Back when Sen. Hillary Clinton was just starting her campaign, top aides and advisers had a ready answer when asked if she could win the presidency.
"She's already winning," came the response, as repeated by chief strategist Mark Penn, campaign chairman Terry McAuliffe and other top aides and advisers, in memos, press releases and interviews as the campaign began more than a year ago.
It was a rejoinder that fit the "inevitable" candidate — and for a long while, the response fit the facts.
Clinton, D-N.Y., occupied the race's top perch virtually until the voting started, with a campaign that was designed to hover above the opposition and break through with dramatic early victories that would end the campaign cleanly and quickly.
But her campaign, it would turn out, was based on a series of fundamental miscalculations — about the mood of the electorate, the threat posed by Sen. Barack Obama and even the basic rules of the Democratic primary process.
In retrospect, the mistakes started with a faulty assumption: That inevitability itself could underpin the rationale for a presidential candidacy, even in the face of a deep Democratic desire for change and the wide enthusiasm that greeted a first-term senator from Illinois.
When the veneer of invincibility slipped away, so did much of the campaign's strategic foundations, leading to the staff infighting, public eruptions, financial woes and a string of devastating defeats that contributed to Obama's clinching of the Democratic nomination on Tuesday.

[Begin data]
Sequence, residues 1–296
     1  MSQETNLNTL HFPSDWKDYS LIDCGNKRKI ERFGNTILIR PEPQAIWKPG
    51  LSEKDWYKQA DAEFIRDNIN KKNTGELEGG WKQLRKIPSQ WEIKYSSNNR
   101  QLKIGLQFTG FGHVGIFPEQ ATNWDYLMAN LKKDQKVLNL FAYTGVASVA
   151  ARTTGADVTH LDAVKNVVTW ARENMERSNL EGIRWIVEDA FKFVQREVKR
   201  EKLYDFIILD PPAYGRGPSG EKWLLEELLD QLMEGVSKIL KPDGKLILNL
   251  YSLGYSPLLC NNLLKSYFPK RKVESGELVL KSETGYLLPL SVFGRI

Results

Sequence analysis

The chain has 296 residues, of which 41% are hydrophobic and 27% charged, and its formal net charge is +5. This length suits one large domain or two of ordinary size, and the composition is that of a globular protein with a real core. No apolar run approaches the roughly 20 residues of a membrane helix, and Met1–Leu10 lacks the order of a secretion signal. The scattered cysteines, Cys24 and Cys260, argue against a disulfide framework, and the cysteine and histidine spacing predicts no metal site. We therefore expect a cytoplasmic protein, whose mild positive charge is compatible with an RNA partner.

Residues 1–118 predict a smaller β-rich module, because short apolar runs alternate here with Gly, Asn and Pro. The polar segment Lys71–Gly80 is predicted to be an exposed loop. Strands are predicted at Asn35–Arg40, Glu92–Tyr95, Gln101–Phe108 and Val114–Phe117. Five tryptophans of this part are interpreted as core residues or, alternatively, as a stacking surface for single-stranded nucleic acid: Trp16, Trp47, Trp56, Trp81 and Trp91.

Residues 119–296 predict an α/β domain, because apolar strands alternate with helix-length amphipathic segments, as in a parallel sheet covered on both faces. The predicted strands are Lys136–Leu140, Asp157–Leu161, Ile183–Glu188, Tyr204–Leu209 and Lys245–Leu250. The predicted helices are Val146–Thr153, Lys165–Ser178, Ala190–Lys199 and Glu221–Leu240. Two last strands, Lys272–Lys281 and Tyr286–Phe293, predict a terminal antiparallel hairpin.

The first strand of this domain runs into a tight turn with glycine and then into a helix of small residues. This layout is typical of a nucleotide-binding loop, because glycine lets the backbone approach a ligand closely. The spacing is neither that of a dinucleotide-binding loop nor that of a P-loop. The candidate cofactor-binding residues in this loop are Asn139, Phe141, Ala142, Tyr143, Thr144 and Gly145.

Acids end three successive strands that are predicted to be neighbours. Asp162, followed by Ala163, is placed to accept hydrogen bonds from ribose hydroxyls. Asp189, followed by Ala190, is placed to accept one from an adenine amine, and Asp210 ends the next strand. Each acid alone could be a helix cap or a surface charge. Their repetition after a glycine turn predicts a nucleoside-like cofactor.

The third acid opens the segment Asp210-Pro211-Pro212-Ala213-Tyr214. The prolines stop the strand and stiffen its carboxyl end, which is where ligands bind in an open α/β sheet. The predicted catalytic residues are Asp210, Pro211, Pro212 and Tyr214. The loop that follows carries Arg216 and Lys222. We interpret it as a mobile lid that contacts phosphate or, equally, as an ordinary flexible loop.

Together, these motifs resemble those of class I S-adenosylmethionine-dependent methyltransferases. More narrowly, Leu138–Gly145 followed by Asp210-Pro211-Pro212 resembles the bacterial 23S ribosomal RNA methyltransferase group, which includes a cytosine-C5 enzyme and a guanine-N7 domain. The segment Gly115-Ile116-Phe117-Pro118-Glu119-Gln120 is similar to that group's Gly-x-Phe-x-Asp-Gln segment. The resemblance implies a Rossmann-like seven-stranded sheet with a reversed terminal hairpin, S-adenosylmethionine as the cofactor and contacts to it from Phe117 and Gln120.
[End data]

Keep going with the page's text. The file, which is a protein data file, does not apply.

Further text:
Some strategists maintain that Obama, D-Ill., would have beaten any opponent — that he was the man who matched the moment, with a savvy campaign staff that simply played the game better than anyone else.
But here are five mistakes that Democratic strategists and Clinton campaign insiders say contributed to Clinton's downfall — and left Obama as the last candidate standing in the most remarkable primary season in memory:
1. INEVITABILITY AS STRATEGY
Armed with the best brand name in a generation of Democratic politics, Clinton and her aides could afford to be glib early on: She had the wide edge in polls and had the party's top strategists and money folks locked down early — a signal, she hoped, that her candidacy could not be stopped.
Clinton called her campaign a "conversation," yet it was really always more of a machine: The accumulated muscle of the Democratic Party was powering a formidable messaging and fundraising operation on behalf of a skilled, determined candidate — all helping deliver the message that Democrats had better fall in line or get out of the way.
Yet for all the sharp minds that populated Camp Clinton, the campaign failed to account for the broad and deep desire for wholesale change among Democrats; it was, it would turn out, a particularly bad year to run as a de facto incumbent.
"You did not necessarily have a message that was consistent with what people were looking for in a 'change' election," said Chris Lehane, a Democratic strategist who supported Clinton's presidential bid. "It was inherently limiting — and, as the first female presidential candidate, she could have been the candidate of 'change.'"
The campaign struggled constantly with messaging, through a fitful series of attempts to reach different segments of the Democratic Party. She would emphasize her toughness, then her human side.